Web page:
The monolith is the subject of the film's final line of dialogue (spoken at the end of the "Jupiter Mission" segment): "Its origin and purpose still a total mystery." Reviewers McClay and Roger Ebert wrote that the monolith is the main element of mystery in the film; Ebert described "the shock of the monolith's straight edges and square corners among the weathered rocks," and the apes warily circling it as prefiguring man reaching "for the stars." Patrick Webster suggests the final line relates to how the film should be approached as a whole: "The line appends not merely to the discovery of the monolith on the Moon, but to our understanding of the film in the light of the ultimate questions it raises about the mystery of the universe."
Clarke indicated his preferred reading of the ending of 2001 as oriented toward the creation of "a new heaven" provided by the Star Child. His view was corroborated in a posthumously released interview with Kubrick. Kubrick says that Bowman is elevated to a higher level of being that represents the next stage of human evolution. The film also conveys what some viewers have described as a sense of the sublime and numinous. Ebert writes in his essay on 2001 in The Great Movies:
North's score, which is available on a recording, is a good job of film composition, but would have been wrong for 2001 because, like all scores, it attempts to underline the action—to give us emotional cues. The classical music chosen by Kubrick exists outside the action. It uplifts. It wants to be sublime; it brings a seriousness and transcendence to the visuals.
In a book on architecture, Gregory Caicco writes that Space Odyssey illustrates how our quest for space is motivated by two contradictory desires, a "desire for the sublime" characterised by a need to encounter something totally other than ourselves—"something numinous"—and the conflicting desire for a beauty that makes us feel no longer "lost in space," but at home. Similarly, an article in The Greenwood Encyclopedia of Science Fiction and Fantasy, titled "Sense of Wonder," describes how 2001 creates a "numinous sense of wonder" by portraying a universe that inspires a sense of awe but that at the same time we feel we can understand. Christopher Palmer wrote that "the sublime and the banal" coexist in the film, as it implies that to get into space, people had to suspend the "sense of wonder" that motivated them to explore it.
The reasons for HAL's malfunction and subsequent malignant behaviour have elicited much discussion. He has been compared to Frankenstein's monster. In Clarke's novel, HAL malfunctions because of being ordered to lie to the crew of Discovery and withhold confidential information from them, namely the confidentially programmed mission priority over expendable human life, despite being constructed for "the accurate processing of information without distortion or concealment". This would not be addressed on film until the 1984 follow-up 2010: The Year We Make Contact. Film critic Roger Ebert wrote that HAL, as the supposedly perfect computer, is actually the most human of the characters. In an interview with Joseph Gelmis in 1969, Kubrick said that HAL "had an acute emotional crisis because he could not accept evidence of his own fallibility".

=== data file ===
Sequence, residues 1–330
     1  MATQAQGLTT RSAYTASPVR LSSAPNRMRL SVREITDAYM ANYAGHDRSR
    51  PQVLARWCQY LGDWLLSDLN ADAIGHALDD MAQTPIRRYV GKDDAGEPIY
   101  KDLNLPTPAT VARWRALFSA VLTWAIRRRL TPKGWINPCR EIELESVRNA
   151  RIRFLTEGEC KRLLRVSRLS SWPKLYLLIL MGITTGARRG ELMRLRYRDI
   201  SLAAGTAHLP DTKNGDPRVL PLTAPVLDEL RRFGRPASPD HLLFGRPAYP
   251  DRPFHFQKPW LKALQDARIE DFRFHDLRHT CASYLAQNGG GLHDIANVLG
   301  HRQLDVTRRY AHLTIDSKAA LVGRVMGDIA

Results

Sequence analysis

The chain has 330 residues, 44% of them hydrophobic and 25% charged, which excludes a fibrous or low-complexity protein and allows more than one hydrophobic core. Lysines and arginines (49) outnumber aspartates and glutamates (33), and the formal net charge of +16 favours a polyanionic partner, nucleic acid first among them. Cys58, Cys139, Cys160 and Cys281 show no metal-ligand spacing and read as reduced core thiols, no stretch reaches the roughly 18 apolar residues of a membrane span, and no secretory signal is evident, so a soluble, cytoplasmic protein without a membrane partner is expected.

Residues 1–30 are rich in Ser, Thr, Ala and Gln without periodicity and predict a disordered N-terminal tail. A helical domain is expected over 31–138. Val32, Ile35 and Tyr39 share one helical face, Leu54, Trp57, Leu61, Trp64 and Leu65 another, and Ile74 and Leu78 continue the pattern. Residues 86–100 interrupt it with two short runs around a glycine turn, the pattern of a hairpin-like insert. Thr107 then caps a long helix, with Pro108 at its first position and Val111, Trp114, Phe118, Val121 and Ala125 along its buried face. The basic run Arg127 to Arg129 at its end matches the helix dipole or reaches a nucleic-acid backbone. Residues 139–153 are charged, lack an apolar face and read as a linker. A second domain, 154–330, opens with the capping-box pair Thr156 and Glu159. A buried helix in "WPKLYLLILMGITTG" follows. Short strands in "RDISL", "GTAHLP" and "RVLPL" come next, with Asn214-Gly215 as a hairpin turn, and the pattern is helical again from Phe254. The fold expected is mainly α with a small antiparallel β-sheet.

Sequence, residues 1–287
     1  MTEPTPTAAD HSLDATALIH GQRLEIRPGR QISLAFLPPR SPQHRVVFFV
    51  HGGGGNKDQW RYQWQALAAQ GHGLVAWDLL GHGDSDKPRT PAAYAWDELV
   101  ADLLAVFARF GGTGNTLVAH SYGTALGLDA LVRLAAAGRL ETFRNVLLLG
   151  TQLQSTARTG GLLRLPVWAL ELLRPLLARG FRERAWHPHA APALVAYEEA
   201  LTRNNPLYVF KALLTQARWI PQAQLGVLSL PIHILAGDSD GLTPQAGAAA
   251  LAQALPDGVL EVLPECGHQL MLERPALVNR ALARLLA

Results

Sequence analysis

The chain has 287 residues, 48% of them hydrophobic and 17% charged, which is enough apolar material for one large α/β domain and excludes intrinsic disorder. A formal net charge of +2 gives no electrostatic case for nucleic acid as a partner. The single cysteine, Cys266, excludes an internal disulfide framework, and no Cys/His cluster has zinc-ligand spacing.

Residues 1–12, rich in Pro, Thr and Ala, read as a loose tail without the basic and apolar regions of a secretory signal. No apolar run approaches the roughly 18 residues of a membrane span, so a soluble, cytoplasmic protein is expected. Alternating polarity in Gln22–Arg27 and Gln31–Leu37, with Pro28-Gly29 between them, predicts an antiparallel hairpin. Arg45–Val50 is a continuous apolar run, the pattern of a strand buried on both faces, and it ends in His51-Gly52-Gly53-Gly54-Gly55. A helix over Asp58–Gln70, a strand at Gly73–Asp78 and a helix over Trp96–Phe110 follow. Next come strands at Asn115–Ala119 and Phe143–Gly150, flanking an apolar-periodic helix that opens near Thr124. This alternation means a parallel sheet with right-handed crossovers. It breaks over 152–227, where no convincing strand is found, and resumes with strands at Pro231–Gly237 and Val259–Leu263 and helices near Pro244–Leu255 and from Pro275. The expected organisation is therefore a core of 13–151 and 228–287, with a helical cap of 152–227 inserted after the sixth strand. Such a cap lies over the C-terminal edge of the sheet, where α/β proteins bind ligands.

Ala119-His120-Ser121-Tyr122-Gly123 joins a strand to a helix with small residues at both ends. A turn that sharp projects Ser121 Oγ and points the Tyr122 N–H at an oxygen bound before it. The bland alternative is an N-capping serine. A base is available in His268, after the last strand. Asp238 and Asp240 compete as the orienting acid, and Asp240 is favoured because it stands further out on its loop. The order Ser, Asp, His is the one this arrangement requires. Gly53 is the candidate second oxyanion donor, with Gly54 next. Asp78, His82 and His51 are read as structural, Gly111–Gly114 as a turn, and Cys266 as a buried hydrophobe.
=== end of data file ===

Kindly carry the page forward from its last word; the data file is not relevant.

Multiple allegorical interpretations of 2001 have been proposed. The symbolism of life and death can be seen through the final moments of the film, which are defined by the image of the "Star Child," an in utero foetus that draws on the work of Lennart Nilsson. The Star Child signifies a "great new beginning," and is depicted naked and ungirded but with its eyes wide open. Leonard F. Wheat sees 2001 as a multi-layered allegory, commenting simultaneously on Nietzsche, Homer, and the relationship of man to machine. Rolling Stone reviewer Bob McClay sees the film as like a four-movement symphony, its story told with "deliberate realism".
Kubrick originally planned a voice-over to reveal that the satellites seen after the prologue are nuclear weapons, and that the Star Child would detonate the weapons at the end of the film. but felt this would create associations with Dr. Strangelove and decided not to make it obvious that they were "war machines". A few weeks before the film's release, the U.S. and Soviet governments had agreed not to put any nuclear weapons into outer space.
In a book he wrote with Kubrick's assistance, Alexander Walker states that Kubrick eventually decided that nuclear weapons had "no place at all in the film's thematic development", being an "orbiting red herring" that would "merely have raised irrelevant questions to suggest this as a reality of the twenty-first century".
Kubrick scholar Michel Ciment, discussing Kubrick's attitude toward human aggression and instinct, observes: "The bone cast into the air by the ape (now become a man) is transformed at the other extreme of civilization, by one of those abrupt ellipses characteristic of the director, into a spacecraft on its way to the moon." In contrast to Ciment's reading of a cut to a serene "other extreme of civilization", science fiction novelist Robert Sawyer, in the Canadian documentary 2001 and Beyond, says he sees it as a cut from a bone to a nuclear weapons platform, explaining that "what we see is not how far we've leaped ahead, what we see is that today, '2001', and four million years ago on the African veldt, it's exactly the same—the power of mankind is the power of its weapons. It's a continuation, not a discontinuity in that jump."
Stanley Kubrick made the ultimate science fiction movie, and it is going to be very hard for someone to come along and make a better movie, as far as I'm concerned. On a technical level, it can be compared, but personally I think that 2001 is far superior.
—George Lucas, 1977
2001: A Space Odyssey is widely regarded as among the greatest and most influential films ever made. In 1991, it was deemed "culturally, historically, or aesthetically significant" by the United States Library of Congress and selected for preservation in the National Film Registry. In 2010, it was named the greatest film of all time by The Moving Arts Film Journal.